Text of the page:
For composers, commissions or dedications of works could pay off, most of the time in cash or valuables – we think of the snuffboxes popular in the 18th century –, on occasion also in positions or annual pensions. On the other hand, composing a music piece in return for preparing a meal would, however, be very unusual. But the maxim a “favourite dish for a favourite piece of music” does in fact apply to the genesis of Mendelssohn’s Concert Piece in F Minor Op. 113 (MWV Q 23) for clarinet, basset horn and piano. Continue reading
In my last blog posting I reported on my current, exciting editorial work on Mozart’s string quartets. It was about a small, but yet audible correction of a “mfp” in the cello solo of the slow movement of the second “Prussian” String Quartet K. 589. To my way of thinking, all the editions misrepresent this spot. Today’s brief posting augments this: It’s about the start of the development in the first movement of the so-called “Hoffmeister” Quartet K. 499. This spot makes still more blatantly clear why to date Mozart’s string quartets are not yet available in the best possible music edition. Continue reading
The repertoire of the G. Henle publishing house is traditionally very German-/Austrian-oriented – from Bach and Handel via Haydn, Mozart and Beethoven to Schumann, Brahms and Berg. Yet for us, 2015 is dominated by Russian music.… Continue reading
It is always a special moment whenever a new name joins the series of composers in our Urtext catalogue – and this is especially so in the current instance, because with the wind suite Mládí by Leoš Janáček (1854–1928), the 20th century in the area of Czech music also arrives at Henle publishers. That the publishing house can first bring this about in its 6th decade after founding is incidentally also fitting: it was, namely, just in this decade of Janáček’s life that he was most productive owing to private, professional and political reasons. Continue reading
The new series PianoPlus is an ideal entry and re-access to the world of classical music, and likewise for all carnival enthusiasts and carnival grouches, who would like to make music with others.
As a sensational new source proves, Ludwig van Beethoven was – one can hardly believe – of a foolish nature and not at all averse to merry making and carnival. Continue reading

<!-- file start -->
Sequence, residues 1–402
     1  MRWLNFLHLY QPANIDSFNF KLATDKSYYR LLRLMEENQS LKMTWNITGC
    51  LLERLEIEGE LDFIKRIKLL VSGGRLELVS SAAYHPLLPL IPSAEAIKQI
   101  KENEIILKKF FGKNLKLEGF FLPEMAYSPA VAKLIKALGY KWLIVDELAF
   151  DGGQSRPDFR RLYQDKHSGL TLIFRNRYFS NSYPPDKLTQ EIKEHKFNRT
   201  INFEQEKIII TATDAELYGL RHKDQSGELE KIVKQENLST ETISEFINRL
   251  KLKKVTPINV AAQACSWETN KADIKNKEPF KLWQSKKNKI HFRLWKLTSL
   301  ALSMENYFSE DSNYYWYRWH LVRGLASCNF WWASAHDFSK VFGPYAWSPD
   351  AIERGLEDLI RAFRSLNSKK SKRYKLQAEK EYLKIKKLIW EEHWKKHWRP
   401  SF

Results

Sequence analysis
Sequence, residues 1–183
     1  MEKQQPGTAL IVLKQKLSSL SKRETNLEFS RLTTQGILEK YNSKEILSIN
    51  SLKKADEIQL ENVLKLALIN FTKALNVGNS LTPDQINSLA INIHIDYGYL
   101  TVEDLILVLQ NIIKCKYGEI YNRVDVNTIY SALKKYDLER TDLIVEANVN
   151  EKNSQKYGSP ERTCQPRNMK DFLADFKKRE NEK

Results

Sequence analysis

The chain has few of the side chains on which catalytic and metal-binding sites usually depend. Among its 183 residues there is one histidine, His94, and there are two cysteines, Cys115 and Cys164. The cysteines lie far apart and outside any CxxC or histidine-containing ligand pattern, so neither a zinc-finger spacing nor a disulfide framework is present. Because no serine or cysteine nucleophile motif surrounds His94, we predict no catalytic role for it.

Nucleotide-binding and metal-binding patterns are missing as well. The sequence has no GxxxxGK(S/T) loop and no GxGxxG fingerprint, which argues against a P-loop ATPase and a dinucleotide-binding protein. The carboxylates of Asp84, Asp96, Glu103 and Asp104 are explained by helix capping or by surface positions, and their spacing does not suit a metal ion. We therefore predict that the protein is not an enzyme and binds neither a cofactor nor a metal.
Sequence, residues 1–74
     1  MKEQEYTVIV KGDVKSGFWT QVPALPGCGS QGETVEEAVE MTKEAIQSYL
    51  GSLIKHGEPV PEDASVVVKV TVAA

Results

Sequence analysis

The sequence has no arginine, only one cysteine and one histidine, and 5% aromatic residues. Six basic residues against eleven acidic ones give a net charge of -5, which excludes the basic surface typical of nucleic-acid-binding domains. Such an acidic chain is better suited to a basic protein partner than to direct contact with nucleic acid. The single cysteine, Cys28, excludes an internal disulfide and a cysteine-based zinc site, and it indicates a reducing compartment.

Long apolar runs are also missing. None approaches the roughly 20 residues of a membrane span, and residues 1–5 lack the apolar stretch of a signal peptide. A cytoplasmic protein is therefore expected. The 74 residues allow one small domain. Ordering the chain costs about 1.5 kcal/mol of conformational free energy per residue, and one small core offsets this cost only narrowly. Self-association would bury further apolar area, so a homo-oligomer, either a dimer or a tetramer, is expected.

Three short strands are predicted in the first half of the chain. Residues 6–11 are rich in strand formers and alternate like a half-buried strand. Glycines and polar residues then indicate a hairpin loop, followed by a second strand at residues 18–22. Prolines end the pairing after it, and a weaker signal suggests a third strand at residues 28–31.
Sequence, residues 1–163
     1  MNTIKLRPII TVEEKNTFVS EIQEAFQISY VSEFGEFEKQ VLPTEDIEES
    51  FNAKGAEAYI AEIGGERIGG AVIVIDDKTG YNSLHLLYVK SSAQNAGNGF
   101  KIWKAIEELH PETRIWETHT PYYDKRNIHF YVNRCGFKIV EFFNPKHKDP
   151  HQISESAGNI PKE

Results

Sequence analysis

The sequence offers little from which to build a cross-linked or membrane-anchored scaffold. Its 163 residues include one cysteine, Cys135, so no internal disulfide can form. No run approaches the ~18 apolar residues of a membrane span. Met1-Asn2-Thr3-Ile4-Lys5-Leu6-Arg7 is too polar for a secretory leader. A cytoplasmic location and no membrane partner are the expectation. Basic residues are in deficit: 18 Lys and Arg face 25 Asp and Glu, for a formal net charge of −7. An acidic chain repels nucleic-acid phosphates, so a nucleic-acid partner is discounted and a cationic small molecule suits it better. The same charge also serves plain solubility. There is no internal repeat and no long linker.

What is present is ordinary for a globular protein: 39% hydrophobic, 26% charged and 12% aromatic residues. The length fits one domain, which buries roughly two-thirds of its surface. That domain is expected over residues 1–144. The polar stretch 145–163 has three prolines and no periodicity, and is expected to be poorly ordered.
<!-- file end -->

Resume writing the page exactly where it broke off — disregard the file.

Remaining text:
Ludwig van Beethoven is one of those composers among the great masters who left behind a very large quantity of sketch material. We can hardly tell how many leaves are extant, because not all of them are publicly accessible. My personal estimate would be about 5000 leaves. This material contains a magnificent stock of sketches for known works, but also much that is unknown. Continue reading
Though Domenico Scarlatti (1685–1757) was indeed born the same year as Bach and Handel, he occupies an exceptional position amongst Baroque composers. Playing his harpsichord music is a seemingly carefree joy: virtuosic, sensuous in sound and so not at all cerebral. Continue reading
Arrangements have on occasion already come up for discussion in earlier blog postings. The reason for revisiting this subject is provided by the just-published new edition of
Claude Debussy’s Minstrels in the version for violin and piano (HN 1246).
Although the French composer adopted a rather critical attitude towards such new versions for other settings – and in fact, all the more so, the older he became –, transcriptions from Debussy’s hand have survived in astonishing numbers. One of the lesser-known arrangements of one of his own works concerns Minstrels, the
final piece in the first volume of the Préludes for piano, published in 1910. Crucial in this case was Debussy’s friendship with the violinist Arthur Hartmann. Continue reading
We most warmly thank you today for your continuing interest in the Henle Blog. We also look forward to your visits in the coming year and promise interesting postings on musical questions concerning music texts.
Today we would like to encourage you- during the upcoming holidays – to take a closer look at the different textual and musical versions of one or the other advent- or Christmas carol. Continue reading
A few weeks ago I began editorial work on a group of compositions that I have long been involved with and that I adore: Mozart’s string quartets. G. Henle publishing house will publish them complete in my new Urtext editions (parts and scores). Appearing at the end of 2015 as the first fruits of this painstaking labour will be volume 4: the “Hoffmeister Quartet” KV 499, as well as the three “Prussian Quartets” KV 575, 589 and 590. The rest of the string quartets in chronologically reverse order will then follow in the coming years. Continue reading